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Film Review - Pandorum


“Pandorum” is primarily sponsored by claustrophobia and glow sticks. Created with slippery, slicing European instincts, this sci-fi/horror voyage into the dark recesses of the mind is perhaps best appreciated with the sound off. A gorgeous production design can’t save the picture from trying too hard to dazzle with very little inspiration, and while “Pandorum” is easy to stare at, it can be a seriously punishing sit.

Forcefully awoken out of hyper-sleep, astronauts Bower (Ben Foster) and Payton (Dennis Quaid) are left with little memory and power to help acclimate them to life onboard a massive spaceship heading to an unknown destination. Sent to restart the power source, Bower crawls into the bowels of the ship with only minimal light to guide him. Instead of help, Bower stumbles upon a group of warrior-types who are trying to elude a mob of killer mutant creatures multiplying throughout the ship. As for Payton, he has to deal with a paranoid crew member (Cam Gigandet) who might be lost in the throes of “Pandorum,” a special form of madness that turns his initial confusion into a major threat.

Directed by Christian Alvart (“Antibodies”), “Pandorum” is more easily described as a riff on the 1997 chiller, “Event Horizon.” Both films share a curiosity with deep space madness and the isolation of interstellar travel, observing characters hurtling toward the unknown, facing horrors both real and imagined. While “Horizon” was a more literal descent into Hell, “Pandorum” itches to play deadly mind games and flop around in mutant spit.

Alvart shows a promising eye for forbidding spaces, shoving the audience into impossibly tight confines and encouraging his actors to freak their way out. If there’s anything to admire about “Pandorum,” it has to be Alvart’s obsession with depicting discomfort and panic, getting the characters into narrow situations that immediately lack sufficient air flow. However, that’s the last of my appreciation, as “Pandorum” is all too eager to engage in hysteria to cover the holes in the script.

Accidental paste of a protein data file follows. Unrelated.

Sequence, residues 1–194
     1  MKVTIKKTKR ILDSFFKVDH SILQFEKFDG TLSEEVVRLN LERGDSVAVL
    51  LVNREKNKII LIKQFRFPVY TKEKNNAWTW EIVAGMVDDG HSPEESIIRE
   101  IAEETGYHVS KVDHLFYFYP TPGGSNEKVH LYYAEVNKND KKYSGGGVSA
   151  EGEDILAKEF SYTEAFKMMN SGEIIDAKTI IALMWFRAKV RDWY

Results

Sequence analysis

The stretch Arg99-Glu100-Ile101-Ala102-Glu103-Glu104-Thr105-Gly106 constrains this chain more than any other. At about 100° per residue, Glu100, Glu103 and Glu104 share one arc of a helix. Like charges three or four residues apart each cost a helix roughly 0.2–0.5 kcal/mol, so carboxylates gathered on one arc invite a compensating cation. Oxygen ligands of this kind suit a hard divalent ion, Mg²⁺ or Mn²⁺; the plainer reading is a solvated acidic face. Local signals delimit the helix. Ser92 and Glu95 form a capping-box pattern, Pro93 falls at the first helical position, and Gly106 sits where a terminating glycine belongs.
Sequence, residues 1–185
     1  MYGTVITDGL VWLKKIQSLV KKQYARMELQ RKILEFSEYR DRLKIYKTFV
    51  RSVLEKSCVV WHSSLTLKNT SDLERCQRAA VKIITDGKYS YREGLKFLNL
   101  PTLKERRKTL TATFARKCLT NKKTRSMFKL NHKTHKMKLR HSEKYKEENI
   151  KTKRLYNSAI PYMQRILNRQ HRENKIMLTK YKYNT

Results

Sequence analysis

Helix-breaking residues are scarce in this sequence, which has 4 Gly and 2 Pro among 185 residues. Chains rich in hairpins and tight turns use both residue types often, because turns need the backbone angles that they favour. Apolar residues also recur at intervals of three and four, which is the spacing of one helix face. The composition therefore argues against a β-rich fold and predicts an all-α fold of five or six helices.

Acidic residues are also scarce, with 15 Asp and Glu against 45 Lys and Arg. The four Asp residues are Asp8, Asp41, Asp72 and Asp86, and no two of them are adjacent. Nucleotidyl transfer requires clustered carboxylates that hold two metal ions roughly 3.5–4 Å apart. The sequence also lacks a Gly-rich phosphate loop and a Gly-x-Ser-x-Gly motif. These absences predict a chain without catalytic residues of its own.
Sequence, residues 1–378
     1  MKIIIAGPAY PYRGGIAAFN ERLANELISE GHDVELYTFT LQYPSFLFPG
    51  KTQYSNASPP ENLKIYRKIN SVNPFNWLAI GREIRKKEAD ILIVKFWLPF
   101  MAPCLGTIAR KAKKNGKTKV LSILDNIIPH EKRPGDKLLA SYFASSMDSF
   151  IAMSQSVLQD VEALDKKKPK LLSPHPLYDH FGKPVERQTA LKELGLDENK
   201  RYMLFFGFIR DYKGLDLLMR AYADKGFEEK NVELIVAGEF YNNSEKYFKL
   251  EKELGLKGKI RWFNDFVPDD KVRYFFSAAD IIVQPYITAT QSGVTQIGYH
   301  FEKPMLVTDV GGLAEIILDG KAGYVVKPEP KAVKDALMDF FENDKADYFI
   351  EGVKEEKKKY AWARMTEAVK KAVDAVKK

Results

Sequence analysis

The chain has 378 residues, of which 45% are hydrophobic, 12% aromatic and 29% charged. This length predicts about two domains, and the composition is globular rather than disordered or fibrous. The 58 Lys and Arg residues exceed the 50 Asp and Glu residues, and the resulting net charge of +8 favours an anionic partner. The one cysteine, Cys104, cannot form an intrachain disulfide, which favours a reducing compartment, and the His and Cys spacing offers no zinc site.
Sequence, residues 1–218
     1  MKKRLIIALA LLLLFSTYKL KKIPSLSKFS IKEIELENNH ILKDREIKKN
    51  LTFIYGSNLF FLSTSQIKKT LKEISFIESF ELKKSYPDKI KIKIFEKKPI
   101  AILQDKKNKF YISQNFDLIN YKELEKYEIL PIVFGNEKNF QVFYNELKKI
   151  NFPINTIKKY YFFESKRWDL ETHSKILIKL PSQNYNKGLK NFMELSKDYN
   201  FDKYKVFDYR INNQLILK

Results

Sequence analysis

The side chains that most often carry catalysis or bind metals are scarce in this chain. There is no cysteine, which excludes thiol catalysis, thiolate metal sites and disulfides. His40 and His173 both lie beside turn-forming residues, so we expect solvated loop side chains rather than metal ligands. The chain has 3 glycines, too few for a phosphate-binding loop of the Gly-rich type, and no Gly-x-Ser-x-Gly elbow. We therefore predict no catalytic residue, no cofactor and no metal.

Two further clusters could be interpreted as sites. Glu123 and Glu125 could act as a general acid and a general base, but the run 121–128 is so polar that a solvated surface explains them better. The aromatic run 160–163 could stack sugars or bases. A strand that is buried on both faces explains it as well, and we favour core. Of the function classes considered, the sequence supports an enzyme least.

PANDORUM Dennis Quaid

Wearing his Ridley Scott cape, Alvart aims for a coolly stylish look to “Pandorum,” with hard cinematography, steamy hallways, and strange light sources joining together to add a layer of menace to the tale. Ostensibly a monster movie, “Pandorum” is better off as an obvious haunted house experience, with liberal usage of shock jumps and gore to keep viewers on their toes, but it never terrifies. There are a few futuristic touches that keep things interesting, but the majority of the film is Bower dodging ghouls, running around the cavernous ship on the hunt for power. At least with the mutants, “Pandorum” is numbingly predictable. Once it goes inside the mind, it just gets embarrassing.

While everyone looks the part, the casting flatlines quickly. Watching Foster’s bug-eyed, clenched-jawed performance is almost comforting in its inevitability -- the actor always gravitates toward roles that require painfully obvious, showy behaviors. Quaid does his grunt routine with limited effort. It’s Gigandet who smashes the film to bits, offering an agonizingly vacant performance for perhaps the most crucial character of the feature. His limited abilities are stretched beyond comfort, with Alvart displaying more effort timing out his strobe lights than keeping Gigandet panicked within reason. I never thought I’d see the day when it wasn’t Foster ruining a movie.

The who? The what? The where? “Pandorum” enjoys a healthy portion of sci-fi twists and turns as the production reaches for a fitting finale. I didn’t buy the closer, but at least Alvart is finally trying to challenge the audience beyond spooky, sweaty beasts jumping into the camera. A derivative production from the get-go, “Pandorum” loses steam with every forward step, leaving the conclusion more welcome for its finality than its resolution.